You should be able to lift your butt off the seat at a millisecond’s notice: as when knowingly approaching a severe bump in the road. Learn to bend at the hips. Do it both ways, and show yourself that you can operate the body differently. Be willing to touch that gas tank. Some people are incredibly fearful of touching a gas tank -- it's almost laughable. If you fear scratching the tank, get some clear tank protectors. Better to think "the gas tank is my friend." it will be some day when you are six hundred miles into your ride and still two hundred miles from your destination.

Your body is not yet trained to operate that way. Flap your elbows like a chicken to relax your arms occasionally. Prove you have your weight supported, mostly by your feet and butt. Even after 25,000 miles on an RS, I end up leaning onto the bars and need to readjust my position. Many people will need to change the riding position they use for riding on the K1200RS. Because "sit up" is so common in our lives, it can come to seem we are not operating the body, even to just sit. But, sit on a wooden stool for six hours and feel what you encounter.

The mind controls the body in healthy people. Take the time to sit on the stationary bike when you are learning. Flex, tighten, relax, and move about across a small but definite range of positions on the bike. Without moving, flex all your body muscles, in order, from the feet toward the hands and head. Feel what that feels like when you relax each muscle, and are still holding the proper riding position. close your eyes and feel it. Not all the muscles are fully relaxed. You are using some of them. How? How much? Why? Then, when you've done that for all the body's muscles, flex them all, and relax and feel it over all.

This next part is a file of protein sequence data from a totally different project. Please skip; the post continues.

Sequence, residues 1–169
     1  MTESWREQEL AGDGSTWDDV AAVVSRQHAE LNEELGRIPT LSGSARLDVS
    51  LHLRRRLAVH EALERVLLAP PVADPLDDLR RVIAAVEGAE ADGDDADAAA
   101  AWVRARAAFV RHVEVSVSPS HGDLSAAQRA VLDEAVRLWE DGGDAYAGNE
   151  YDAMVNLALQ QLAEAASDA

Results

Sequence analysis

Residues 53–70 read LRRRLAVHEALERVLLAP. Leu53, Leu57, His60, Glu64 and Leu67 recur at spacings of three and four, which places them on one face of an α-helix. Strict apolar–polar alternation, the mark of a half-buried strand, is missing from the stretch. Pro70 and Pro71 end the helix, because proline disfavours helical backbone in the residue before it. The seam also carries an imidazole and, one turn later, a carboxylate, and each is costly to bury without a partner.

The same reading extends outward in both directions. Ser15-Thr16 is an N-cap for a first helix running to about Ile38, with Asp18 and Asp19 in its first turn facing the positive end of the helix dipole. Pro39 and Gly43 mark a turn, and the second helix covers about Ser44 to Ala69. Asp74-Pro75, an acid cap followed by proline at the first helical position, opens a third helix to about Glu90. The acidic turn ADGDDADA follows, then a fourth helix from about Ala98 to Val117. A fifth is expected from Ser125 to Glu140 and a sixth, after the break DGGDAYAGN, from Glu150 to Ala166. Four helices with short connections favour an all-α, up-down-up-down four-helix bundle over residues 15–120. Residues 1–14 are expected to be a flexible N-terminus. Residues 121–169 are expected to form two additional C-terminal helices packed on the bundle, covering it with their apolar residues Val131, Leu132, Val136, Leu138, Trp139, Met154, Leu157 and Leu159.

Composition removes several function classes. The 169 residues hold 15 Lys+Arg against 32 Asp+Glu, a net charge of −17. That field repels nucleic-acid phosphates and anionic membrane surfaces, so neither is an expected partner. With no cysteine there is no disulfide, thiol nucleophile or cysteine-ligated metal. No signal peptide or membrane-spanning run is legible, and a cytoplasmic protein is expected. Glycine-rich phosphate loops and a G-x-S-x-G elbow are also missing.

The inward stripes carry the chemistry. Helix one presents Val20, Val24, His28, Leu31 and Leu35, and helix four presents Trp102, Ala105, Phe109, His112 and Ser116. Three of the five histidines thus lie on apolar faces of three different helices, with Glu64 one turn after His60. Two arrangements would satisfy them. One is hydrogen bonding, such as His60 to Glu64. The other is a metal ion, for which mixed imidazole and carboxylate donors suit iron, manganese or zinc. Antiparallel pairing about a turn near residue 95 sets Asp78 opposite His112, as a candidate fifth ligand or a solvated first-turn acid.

Even go so far as to stand back 10 feet and look at yourself if you can. Attempt to maintain that position, within reason, for as long in your ride as you can. When you are tire, stop. get off the bike and bend, stretch, and flex all your muscles. Walk until you feel normal, and then get back on the bike in the proper position. Repeat. You'll find you ride longer and longer, and comfort grows and grows. Eventually, it will seem normal.

If you notice tightness or pain, stop. You are compensating for something that has already become tired. You need to develop the muscles that you tired out. Right then, it will be had to find that muscle. The next time you start riding; do a better job of finding what muscles you really need to use to hold that position. Begin by riding in a relaxed environment so you can pay attention to your muscles. Continue to adjust your weight distribution via the elbow flapping, weight transfer between feet and butt, and neck twisting. I promise that if you are doing this correctly your riding pains will disappear.
Even Master Yoda gets tired during a 14 hour riding day, and sometimes during just a six hour riding day. Build up your thigh muscles. Let them do the work. Even with bad knees and a bad back I can ride this lovely performing machine from sunrise to long past sunset.

Blessings to you all, Dick Frantz so cal]
 

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Thanks for the link, I never made it past the article, I was too wore out!

Looks like they are sitting a lot further forward on the seat than I do, have to try it. The only thing is I'm going to wait for my tank grips to show up. It's just too slippery and I think that will help hold that position.
 

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Discussion Starter #20 (Edited)
Ur um calling admin.................................
How do I change my handle to--------------- LT Davey!

This thing ROCKS!!!!!!!!!!!!!!!!!!!!!!!!!!!!!!!!!!!!!!!!!!!!!!!!!!!!!!!!!!!!!!!!!!!!!!

WAAAAAAAAAAAAHOOOOOOOOOOOOOOOOOOOOOOOOOOOO.

Can somebody please e-mail me the oil, FD, tranny, lube changeout directions?
I've got enough miles on "shirley" to do a lube change.
Thanks
-Dave